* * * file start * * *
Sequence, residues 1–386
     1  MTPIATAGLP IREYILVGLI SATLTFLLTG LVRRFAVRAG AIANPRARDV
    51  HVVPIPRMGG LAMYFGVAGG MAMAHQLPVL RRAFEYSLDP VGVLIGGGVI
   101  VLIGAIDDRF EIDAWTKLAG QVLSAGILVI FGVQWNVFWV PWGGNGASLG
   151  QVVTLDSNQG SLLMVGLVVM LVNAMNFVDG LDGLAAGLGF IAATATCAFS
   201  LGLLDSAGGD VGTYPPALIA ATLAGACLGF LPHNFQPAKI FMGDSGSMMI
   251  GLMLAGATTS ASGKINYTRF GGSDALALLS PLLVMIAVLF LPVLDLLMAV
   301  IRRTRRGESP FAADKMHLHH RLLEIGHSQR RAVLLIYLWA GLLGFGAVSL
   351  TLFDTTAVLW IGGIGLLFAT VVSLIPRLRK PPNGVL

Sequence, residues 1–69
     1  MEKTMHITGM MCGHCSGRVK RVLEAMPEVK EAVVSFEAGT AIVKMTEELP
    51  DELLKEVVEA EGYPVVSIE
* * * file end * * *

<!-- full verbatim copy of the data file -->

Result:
Sequence, residues 1–386
     1  MTPIATAGLP IREYILVGLI SATLTFLLTG LVRRFAVRAG AIANPRARDV
    51  HVVPIPRMGG LAMYFGVAGG MAMAHQLPVL RRAFEYSLDP VGVLIGGGVI
   101  VLIGAIDDRF EIDAWTKLAG QVLSAGILVI FGVQWNVFWV PWGGNGASLG
   151  QVVTLDSNQG SLLMVGLVVM LVNAMNFVDG LDGLAAGLGF IAATATCAFS
   201  LGLLDSAGGD VGTYPPALIA ATLAGACLGF LPHNFQPAKI FMGDSGSMMI
   251  GLMLAGATTS ASGKINYTRF GGSDALALLS PLLVMIAVLF LPVLDLLMAV
   301  IRRTRRGESP FAADKMHLHH RLLEIGHSQR RAVLLIYLWA GLLGFGAVSL
   351  TLFDTTAVLW IGGIGLLFAT VVSLIPRLRK PPNGVL

Sequence, residues 1–69
     1  MEKTMHITGM MCGHCSGRVK RVLEAMPEVK EAVVSFEAGT AIVKMTEELP
    51  DELLKEVVEA EGYPVVSIE